Ottawa Public Health says 10 more people in Ottawa have tested positive for COVID-19, the lowest daily case count reported in the capital since Sept. 1, 2020.
No new deaths were reported for the third day in a row, Tuesday.
Across the province, health officials confirmed 296 new cases of the virus, the lowest daily report since Sept. 17, 2020. Another 645 cases across Ontario are now considered resolved. Public Health Ontario says 15 more Ontarians have died from COVID-19. Public Health Ontario added 11 new cases to its total for Ottawa on Tuesday. Figures from OPH often differ from those provided by Public Health Ontario because the two health agencies pull data for their daily reports at different times of the day.
Only one other case of COVID-19 was reported elsewhere in the region. A single case was added to the total for the Leeds, Grenville & Lanark District Health Unit on Tuesday.
Ottawa Public Health’s COVID-19 dashboard says there have been 27,459 total laboratory-confirmed cases of COVID-19 in Ottawa since the pandemic began and 585 residents have died due to COVID-19.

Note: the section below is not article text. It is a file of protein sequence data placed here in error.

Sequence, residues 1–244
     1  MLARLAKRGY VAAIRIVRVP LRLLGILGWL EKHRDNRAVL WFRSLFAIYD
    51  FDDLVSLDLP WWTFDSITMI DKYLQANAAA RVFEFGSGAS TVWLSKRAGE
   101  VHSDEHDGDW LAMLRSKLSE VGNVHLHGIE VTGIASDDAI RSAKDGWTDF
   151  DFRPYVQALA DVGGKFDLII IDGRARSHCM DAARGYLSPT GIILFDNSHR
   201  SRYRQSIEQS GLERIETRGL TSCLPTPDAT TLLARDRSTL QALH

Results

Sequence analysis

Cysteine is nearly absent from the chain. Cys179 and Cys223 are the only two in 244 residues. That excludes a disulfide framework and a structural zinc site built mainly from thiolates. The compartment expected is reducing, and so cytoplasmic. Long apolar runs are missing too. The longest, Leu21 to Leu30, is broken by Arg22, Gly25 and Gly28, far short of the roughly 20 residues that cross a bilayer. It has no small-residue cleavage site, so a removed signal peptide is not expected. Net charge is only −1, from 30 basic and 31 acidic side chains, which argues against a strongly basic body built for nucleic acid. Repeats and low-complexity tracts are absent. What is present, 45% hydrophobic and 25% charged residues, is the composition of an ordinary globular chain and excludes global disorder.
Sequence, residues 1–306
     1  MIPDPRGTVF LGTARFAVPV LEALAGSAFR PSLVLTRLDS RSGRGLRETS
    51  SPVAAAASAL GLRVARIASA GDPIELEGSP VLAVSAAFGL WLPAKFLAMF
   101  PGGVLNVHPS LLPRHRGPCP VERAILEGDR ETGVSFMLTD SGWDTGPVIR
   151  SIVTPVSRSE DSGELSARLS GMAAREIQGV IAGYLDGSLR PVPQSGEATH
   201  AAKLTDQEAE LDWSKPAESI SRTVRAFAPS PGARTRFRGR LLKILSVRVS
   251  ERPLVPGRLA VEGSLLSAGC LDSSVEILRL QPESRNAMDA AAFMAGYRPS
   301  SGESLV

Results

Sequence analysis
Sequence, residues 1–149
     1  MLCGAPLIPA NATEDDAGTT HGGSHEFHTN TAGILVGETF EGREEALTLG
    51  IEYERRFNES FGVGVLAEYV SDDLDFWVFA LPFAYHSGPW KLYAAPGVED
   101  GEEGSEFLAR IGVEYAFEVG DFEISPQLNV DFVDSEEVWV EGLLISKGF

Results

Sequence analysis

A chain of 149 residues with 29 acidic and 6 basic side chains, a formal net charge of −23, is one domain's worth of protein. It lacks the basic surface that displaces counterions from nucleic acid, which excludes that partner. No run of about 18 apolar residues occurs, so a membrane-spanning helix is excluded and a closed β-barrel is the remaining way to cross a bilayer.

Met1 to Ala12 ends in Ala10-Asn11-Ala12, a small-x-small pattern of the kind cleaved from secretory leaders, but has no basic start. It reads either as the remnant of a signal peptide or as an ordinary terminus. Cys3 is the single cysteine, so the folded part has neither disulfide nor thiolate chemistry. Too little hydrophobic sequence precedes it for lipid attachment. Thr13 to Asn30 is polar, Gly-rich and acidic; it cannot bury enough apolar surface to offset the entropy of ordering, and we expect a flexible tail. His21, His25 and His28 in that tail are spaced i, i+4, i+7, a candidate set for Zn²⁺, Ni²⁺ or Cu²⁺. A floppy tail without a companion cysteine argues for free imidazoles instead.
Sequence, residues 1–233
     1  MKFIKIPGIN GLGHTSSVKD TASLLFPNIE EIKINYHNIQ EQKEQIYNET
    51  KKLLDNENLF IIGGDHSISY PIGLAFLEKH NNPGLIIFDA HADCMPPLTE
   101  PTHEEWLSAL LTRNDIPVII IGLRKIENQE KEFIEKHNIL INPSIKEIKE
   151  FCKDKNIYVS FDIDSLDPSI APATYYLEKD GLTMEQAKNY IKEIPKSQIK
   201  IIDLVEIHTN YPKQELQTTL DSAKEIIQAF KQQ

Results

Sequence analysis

The weekly rate of new cases per 100,000 population continues to fall and the number of known active cases is at its lowest since late November.
However, the estimated reproduction number, which determines how quickly the virus is spreading, has been on the upswing in recent days. The COVID-19 wastewater monitoring project is also showing a recent rise in viral signal in the city’s sewage. The wastewater signal often starts to rise several days before case counts start to go up.
Speaking on Newstalk 580 CFRA’s “The Morning Rush with Bill Carroll”, Tyson Graber, co-lead investigator in the wastewater monitoring project said they are unsure what might be causing the recent spike.
“We’re back up to levels which we saw in the January wave and we’re trying to confirm this, so we’re re-running samples to make sure this is real. Hopefully, it will go back down again,” he said.
Graber said there isn’t a lot of data to suggest the delta variant has moved into the Ottawa region in great numbers, but it’s a possibility his team is monitoring.
“We haven’t had any strong signals that it’s heard in any great amount but here are hints at it, so we’re following that as well,” he said. “We do know this has arrived in southern Ontario and it’s really just a matter of time before it comes to Ottawa.”
Graber noted that testing numbers have been on the decline in Ottawa, which may lead to lower case counts. He added that there might be “bumps like this” in the wastewater monitoring over the next few weeks.
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